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Rise In Canadian Housing Starts

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Canadian Housing Starts have risen for the month of May according to the Canadian Mortgage and Housing Corporation (CMHC). The seasonally adjusted figure has come just come in at 198.3k compared to 194.8k in April, consensus expectations were for a fall in this metric to 185.0k.

The Canadian economy, which is by all accounts well into recovery mode, is still facing the real risk of overheating in the housing market. The Federal Government, through the CMHC, has just last week taken steps to make it more difficult for potential buyers to overburden themselves with mortgage debt. It is a legal requirement in Canada to take out mortgage insurance for any residential backed property loan that doesn’t meet the 20% deposit requirement. The latest move means that the CMHC will no longer provide mortgage insurance for new condominium constructions, there will also be new rules introduced that will tighten up on maximum purchase price, length of loan as well as placing a cap on the permissible debt service ratio.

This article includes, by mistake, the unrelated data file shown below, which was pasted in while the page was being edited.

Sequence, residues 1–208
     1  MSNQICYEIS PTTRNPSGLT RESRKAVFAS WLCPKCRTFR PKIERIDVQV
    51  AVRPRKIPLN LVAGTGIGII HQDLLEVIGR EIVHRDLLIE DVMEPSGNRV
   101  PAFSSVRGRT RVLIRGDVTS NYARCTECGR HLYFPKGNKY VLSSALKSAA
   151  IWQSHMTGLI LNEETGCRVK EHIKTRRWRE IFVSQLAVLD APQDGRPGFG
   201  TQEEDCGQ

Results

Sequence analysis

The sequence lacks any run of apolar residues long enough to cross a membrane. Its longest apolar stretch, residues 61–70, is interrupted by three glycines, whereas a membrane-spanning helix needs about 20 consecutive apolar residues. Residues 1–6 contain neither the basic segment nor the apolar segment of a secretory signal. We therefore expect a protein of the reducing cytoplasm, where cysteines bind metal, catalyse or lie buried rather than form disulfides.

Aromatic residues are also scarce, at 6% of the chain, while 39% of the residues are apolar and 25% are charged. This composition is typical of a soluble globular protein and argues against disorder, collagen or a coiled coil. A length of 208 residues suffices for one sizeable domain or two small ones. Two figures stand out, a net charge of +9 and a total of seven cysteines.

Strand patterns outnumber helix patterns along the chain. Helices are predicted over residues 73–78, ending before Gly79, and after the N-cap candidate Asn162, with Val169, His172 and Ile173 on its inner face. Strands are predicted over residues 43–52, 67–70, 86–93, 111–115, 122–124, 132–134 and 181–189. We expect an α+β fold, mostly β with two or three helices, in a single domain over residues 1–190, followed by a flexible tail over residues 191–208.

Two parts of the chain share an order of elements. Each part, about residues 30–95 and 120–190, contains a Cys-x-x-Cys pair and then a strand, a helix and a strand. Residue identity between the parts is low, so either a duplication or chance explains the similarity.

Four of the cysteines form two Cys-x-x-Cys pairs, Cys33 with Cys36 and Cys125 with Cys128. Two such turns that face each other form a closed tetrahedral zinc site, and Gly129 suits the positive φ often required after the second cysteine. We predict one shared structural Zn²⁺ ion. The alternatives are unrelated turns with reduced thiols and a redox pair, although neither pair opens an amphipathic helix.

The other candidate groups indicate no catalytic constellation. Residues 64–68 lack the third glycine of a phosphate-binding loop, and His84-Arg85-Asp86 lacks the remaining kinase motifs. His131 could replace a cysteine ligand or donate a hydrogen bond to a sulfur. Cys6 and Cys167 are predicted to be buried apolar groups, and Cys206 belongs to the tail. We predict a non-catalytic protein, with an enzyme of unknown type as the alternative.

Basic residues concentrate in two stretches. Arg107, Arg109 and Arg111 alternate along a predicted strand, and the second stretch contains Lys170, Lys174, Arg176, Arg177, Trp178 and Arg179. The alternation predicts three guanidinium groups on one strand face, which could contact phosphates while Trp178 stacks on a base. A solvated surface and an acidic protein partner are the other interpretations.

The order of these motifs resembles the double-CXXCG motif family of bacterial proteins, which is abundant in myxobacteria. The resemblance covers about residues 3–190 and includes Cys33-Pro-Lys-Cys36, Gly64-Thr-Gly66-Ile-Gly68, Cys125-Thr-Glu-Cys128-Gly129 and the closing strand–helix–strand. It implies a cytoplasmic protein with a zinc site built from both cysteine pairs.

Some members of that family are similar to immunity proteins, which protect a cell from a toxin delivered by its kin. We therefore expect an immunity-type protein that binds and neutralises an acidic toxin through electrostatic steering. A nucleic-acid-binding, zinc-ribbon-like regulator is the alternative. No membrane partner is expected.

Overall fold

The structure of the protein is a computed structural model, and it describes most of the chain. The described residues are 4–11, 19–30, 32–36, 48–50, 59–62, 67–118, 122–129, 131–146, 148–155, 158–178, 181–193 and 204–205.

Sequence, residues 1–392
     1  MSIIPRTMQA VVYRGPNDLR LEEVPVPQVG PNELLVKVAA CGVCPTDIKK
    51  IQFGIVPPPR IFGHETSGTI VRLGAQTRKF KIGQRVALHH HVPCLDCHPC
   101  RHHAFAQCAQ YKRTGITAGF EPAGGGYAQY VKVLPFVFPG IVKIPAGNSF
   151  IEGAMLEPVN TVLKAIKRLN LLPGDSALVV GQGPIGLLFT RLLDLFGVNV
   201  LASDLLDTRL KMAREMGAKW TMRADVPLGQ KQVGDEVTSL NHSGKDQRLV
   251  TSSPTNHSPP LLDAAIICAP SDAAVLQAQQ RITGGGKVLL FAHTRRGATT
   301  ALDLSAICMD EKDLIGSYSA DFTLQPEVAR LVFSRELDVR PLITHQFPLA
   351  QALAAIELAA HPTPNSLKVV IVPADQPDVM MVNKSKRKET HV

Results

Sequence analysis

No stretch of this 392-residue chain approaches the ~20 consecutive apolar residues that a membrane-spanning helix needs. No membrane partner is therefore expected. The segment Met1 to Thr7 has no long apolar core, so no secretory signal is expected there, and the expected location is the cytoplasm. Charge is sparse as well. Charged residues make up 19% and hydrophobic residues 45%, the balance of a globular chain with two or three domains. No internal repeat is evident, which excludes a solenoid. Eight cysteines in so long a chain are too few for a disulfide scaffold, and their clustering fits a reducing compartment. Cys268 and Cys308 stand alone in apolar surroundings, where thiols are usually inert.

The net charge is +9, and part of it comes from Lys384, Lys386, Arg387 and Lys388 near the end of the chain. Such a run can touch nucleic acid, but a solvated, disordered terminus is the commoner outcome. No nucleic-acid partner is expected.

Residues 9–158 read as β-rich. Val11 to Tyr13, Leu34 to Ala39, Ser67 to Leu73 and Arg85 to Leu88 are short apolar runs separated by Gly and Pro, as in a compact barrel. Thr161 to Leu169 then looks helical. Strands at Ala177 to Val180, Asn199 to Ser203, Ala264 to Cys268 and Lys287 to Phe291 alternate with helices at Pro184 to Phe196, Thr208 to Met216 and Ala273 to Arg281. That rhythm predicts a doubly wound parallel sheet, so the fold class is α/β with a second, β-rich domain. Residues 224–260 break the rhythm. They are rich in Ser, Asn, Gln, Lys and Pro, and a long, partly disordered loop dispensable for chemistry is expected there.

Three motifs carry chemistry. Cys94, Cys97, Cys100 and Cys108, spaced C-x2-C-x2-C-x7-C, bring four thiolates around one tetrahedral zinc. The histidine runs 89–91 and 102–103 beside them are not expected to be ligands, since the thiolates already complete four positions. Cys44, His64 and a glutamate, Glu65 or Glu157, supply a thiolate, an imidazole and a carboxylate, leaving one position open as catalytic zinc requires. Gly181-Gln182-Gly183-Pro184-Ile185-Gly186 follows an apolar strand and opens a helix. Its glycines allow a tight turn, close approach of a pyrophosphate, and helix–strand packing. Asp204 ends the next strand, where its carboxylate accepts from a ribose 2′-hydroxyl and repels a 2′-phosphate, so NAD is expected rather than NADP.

In the absence of monetary tightening by the Bank of Canada, this macroprudential policy move is seen as offering some potential to dampen the run away house price growth situation in Canada. It has to be noted however that CMHC is not the only provider, there are privately owned mortgage insurance companies that can fill the gap although by and large these lack the scale to overly influence the market and they are also prone to following rather than opposing CMHC actions.

The International Monetary Fund (IMF) last month advised the Canadian authorities to consider shutting down the state owned CMHC altogether. The logic being that central government, and therefore the tax payers, are needlessly holding risk exposure to the Canadian housing market which could create a considerable burden in the event of a general house price collapse, an event that is unlikely but becoming increasingly probable as house prices continue to spiral.

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